Talking RFID: BizTalk-compatible solutions could spur wider use of RFID
SATO, a supplier of automatic data collection technology, including bar-code printing and labeling applications, is hoping to enable wider use of RFID by offering solutions that work with Microsoft BizTalk Server 2006 R2.<br/>
SATO , a supplier of automatic data collection technology, including bar-code printing and labeling applications, is hoping to enable wider use of RFID by offering solutions that work with Microsoft BizTalk Server 2006 R2 .
Microsoft BizTalk Server 2006 R2 enables integration with legacy systems and line-of-business applications with the building blocks software developers need to develop plug-and-play vertical applications—e.g., track & trace, asset tracking, and inventory control.
The SATO-developed Device Service Provider Interface makes use of the abstract classes in BizTalk Server to allow users to easily find, communicate with, and configure SATO printers on a Windows platform. SATO also is working to extend the BizTalk RFID capabilities to its other RFID printers, including the recently launched GL series.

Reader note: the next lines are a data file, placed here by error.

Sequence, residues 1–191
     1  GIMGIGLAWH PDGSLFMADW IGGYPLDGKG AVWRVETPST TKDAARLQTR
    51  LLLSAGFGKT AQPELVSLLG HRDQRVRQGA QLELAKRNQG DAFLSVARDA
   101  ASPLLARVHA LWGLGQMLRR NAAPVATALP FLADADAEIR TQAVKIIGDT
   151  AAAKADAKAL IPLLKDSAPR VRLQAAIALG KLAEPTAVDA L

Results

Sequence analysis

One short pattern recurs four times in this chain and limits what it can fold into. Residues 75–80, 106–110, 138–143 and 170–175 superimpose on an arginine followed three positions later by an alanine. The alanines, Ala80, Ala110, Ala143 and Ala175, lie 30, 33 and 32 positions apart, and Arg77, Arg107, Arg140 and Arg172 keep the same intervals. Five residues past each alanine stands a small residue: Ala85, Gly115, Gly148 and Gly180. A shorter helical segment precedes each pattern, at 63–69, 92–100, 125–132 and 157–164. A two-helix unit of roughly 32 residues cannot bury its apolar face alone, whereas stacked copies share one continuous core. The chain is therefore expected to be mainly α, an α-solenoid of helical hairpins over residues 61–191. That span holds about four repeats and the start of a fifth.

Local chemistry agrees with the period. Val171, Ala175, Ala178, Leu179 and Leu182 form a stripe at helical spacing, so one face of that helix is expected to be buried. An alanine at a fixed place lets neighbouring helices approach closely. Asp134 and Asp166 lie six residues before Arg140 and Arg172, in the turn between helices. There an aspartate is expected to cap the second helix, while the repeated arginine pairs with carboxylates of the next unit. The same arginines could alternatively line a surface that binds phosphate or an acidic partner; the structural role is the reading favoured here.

"Compliance mandates from large retailers are putting RFID high on the agenda, but we are still wrestling with numerous barriers—such as the lack of industry standards—that hamper wider adoption of RFID technologies," says Brian Lang, senior manager of SATO International. "SATO's field-proven experience in complex RFID deployments places the responsibility on us to lead the initiative to eliminate the barriers that prevent customers from connecting to and managing their RFID printers. Microsoft has created scalable, flexible RFID-enabled solutions that align with customers’ needs—a seamlessly integrated solution from printer to back-end device."
Annual Salary Survey
After almost a decade of uncertainty, the confidence of plant floor managers is soaring. Even with a number of challenges and while implementing new technologies, there is a renewed sense of optimism among plant managers about their business and their future.
The respondents to the 2014 Plant Engineering Salary Survey come from throughout the U.S. and serve a variety of industries, but they are uniform in their optimism about manufacturing. This year’s survey found 79% consider manufacturing a secure career. That’s up from 75% in 2013 and significantly higher than the 63% figure when Plant Engineering first started asking that question a decade ago.